Are Youngsters not as Clever as the Older Generation?

In an interview a former professor of an academy remarked about his students that he had noticed a distinctive lack of general knowledge and the disability to write correctly. Based on my personal experience I tend to agree to a certain extent. Even in the media you will notice the odd grammatical or spelling mistakes. You may stumble over unknown obstacles if you rely on your spell checker too much.

In his interview the professor bemoans the use of technology as a substitute for real knowledge. We probably all tend to believe the internet blindly. There is a certain danger in that any plausible statement may be spread without questioning.

In a newsletter which I recently received the professor is quoted as saying ” …Students do no longer understand the vocabulary of the academy. Students are changing, drifting towards the modern media, towards beat, towards computers, and mobile phones. They no longer grasp the desperation and the ruinous nature of art. They want their share of modern times and fail to see real art… “ PS unfortunately I was unable to find the interview with the controversial German artist Markus Luepertz on Google.

In another statement I noticed the same professor complaining about the tendency in modern art to shock and provoke. Personally I am hoping that one day painters will return to the old virtues. Just like the old masters took years to learn their skills modern artists should base their compositions on a firm understanding of their trade. Of course it will then take days or weeks to complete a painting rather than minutes or a few hours.

By the way Gerhard Richter also appears to be reconsidering his position on art.

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7 Responses to Are Youngsters not as Clever as the Older Generation?

  1. I am enjoying the multiple readings you offer with your wording in the title: “Are Youngsters not as Clever as the Older Generation?” Yes, of course they are. Well, some are, some wisely sidestep the, “Oh, aren’t you clever,” soubrette. Hopefully, the computers will form the basis of fine art that evolves as we do. But I do like the commitment of brush and ink on paper. Teases me not to go scrapping that oil off my pellet–that’s wear the horse’s mouse really is.

  2. Your message strikes a deep response in me. In two weeks my 23 year career at one School of the Arts will end as I eagerly retire. I’m not going out to pasture but renewing my 100% commitment to my studio and my painting as I did years before I began the teaching role. I never quit painting but one can only be torn in so many directions. One can commit to serious teaching or one can pour their soul into painting. However, I digress. For years I was required to keep paper work and student examples for 5 years after a class was completed. Now the system has changed and I have been released to get rid of all of my papers relating to students. For years I have been feeling unease regarding student accomplishment albeit, thankfully, I have had a few gifted students each year. Well, today I got a cold dash of water. I found a portfolio of student work from 2007. As I began to leaf through the collected works I was struck with the overall quality of their painting and drawing skills. I had just completed critiquing the current student work for this semester. so the comparison was totally shocking. I feel sadness to relate this but the reality was there staring at me from those forgotten works. There is no question in my mind that skills are degrading. Even more distressing are the conversations I have with my more gifted students as they relate the pressures being brought upon them to abandon their skills and seek the gimmick. I urge them to keep honing their skills. Yes there is a trend and today brought it fully into my consciousness.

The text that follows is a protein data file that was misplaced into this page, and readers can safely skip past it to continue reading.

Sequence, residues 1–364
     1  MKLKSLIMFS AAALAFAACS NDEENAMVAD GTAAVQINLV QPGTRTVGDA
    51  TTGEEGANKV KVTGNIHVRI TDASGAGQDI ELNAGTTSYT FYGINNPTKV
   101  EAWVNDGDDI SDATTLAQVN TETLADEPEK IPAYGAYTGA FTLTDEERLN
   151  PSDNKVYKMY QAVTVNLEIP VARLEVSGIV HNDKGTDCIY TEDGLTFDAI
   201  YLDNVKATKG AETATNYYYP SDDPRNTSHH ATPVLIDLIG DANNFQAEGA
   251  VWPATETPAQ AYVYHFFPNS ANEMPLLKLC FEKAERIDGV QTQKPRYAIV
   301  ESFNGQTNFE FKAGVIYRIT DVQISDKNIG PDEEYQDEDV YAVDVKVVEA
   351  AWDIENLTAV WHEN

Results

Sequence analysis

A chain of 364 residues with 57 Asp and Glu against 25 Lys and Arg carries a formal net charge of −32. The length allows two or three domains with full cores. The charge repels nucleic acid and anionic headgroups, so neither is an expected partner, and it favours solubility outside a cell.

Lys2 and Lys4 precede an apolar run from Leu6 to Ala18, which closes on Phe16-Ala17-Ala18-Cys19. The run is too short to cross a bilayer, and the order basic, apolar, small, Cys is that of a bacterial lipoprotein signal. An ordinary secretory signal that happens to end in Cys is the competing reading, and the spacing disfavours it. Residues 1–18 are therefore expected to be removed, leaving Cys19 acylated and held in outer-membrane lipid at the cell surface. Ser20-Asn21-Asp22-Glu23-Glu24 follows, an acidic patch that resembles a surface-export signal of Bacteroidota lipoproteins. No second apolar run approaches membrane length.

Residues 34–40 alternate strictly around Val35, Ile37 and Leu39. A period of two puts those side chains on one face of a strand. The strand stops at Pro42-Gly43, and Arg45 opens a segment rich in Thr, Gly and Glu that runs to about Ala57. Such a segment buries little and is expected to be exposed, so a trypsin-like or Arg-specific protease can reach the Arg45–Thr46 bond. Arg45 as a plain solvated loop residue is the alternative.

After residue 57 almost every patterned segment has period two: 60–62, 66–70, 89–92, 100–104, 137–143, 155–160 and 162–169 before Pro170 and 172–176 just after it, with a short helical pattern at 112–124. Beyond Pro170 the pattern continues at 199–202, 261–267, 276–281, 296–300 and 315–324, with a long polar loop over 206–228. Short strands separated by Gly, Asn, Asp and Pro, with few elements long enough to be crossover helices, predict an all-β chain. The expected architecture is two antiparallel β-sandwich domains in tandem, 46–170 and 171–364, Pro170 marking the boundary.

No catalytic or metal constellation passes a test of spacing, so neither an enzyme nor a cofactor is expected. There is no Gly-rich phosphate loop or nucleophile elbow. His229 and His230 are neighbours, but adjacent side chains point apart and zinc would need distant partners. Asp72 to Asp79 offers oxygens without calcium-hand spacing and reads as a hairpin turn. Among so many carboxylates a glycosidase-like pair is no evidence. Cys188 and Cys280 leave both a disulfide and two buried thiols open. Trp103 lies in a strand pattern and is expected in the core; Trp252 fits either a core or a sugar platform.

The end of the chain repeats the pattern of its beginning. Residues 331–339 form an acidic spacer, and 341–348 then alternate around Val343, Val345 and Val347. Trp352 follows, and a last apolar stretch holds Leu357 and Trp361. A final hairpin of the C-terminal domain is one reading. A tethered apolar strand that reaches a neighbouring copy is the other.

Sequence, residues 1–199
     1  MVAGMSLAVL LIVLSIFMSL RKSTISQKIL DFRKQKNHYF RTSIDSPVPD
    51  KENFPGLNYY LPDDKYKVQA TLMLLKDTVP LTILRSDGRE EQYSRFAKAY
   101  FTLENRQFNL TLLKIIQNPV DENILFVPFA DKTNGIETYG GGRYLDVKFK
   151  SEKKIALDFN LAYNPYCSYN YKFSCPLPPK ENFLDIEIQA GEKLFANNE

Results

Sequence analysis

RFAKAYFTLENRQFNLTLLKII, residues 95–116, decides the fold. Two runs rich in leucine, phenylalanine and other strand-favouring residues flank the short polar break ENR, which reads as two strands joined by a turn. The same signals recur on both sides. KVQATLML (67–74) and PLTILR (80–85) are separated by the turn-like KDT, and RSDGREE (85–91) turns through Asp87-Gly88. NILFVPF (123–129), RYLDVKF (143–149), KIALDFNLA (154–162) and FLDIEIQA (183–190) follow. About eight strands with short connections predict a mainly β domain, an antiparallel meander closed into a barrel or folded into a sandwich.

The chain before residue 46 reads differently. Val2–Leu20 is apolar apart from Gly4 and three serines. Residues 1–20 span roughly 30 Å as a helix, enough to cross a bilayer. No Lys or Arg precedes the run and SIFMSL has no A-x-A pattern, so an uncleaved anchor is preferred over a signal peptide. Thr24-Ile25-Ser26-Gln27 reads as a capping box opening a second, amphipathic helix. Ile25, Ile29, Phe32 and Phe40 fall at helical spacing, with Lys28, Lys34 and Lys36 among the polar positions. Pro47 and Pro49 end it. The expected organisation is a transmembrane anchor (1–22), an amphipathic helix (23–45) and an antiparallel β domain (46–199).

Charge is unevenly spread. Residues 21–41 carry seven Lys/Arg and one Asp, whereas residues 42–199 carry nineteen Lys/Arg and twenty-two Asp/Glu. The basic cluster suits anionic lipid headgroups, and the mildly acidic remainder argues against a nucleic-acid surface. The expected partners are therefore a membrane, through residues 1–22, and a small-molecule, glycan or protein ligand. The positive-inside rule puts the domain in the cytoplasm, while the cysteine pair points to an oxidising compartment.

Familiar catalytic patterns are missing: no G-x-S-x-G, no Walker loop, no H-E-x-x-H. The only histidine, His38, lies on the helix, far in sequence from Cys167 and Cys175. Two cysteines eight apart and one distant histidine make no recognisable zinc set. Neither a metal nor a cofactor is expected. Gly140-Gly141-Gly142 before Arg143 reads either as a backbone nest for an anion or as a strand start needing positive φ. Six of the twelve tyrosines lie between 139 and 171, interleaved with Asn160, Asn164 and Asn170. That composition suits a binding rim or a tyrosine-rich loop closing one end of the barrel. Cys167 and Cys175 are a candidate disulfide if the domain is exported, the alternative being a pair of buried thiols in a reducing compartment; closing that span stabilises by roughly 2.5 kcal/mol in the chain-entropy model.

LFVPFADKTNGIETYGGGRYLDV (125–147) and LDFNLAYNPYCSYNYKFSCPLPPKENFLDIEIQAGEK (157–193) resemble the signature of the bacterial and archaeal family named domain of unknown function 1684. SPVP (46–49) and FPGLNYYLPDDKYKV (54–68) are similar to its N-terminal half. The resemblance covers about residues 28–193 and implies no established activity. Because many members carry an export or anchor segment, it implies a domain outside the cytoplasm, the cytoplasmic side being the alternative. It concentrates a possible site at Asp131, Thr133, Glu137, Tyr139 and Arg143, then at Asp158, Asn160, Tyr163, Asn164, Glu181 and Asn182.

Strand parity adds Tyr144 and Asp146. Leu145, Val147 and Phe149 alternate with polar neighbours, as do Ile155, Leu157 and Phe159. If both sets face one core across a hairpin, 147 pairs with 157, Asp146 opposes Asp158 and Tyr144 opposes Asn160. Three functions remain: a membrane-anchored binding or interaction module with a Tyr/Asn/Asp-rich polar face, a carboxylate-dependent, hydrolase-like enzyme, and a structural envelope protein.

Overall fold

• Don, Thank you for sharing your personal experience with us. Today everything has to be fast. There is no time for traditional skills. We seem to think that the computer can do it for us. So the people who write the software will be teaching the next generation what they know without anybody questioning whether they are right or wrong.

  3. Zalamanda says:

    I like the deliberate mistake in the title of your post…

    Certain members of the older generation will always complain about the ineptitude of the younger. This often takes the shape of proclaiming modern exams to be easier than the ones they took; derogatory comments about percieved changes in language, wrtten or spoken; bemoaning the slippage of morals, etc. etc.

    Intelligenge or cleverness is not the issue. It is education (in the 1970s, it was deemed redundant to teach grammar) or environment (in which I include technology), both of which are created by older generations.

    • Zalamanda says:

      And I neglected to check my comment for typographical errors, too. :-S

    • Amanda, You are quite right. Intelligence is not the issue. Using your brain power to your best ability is. It seems to me that the education system is not encouraging youngsters to take the trouble with the old skills any more. They used to be a good foundation stone to get through life. Maybe the new skills are equally capable of helping the next generation to survive.

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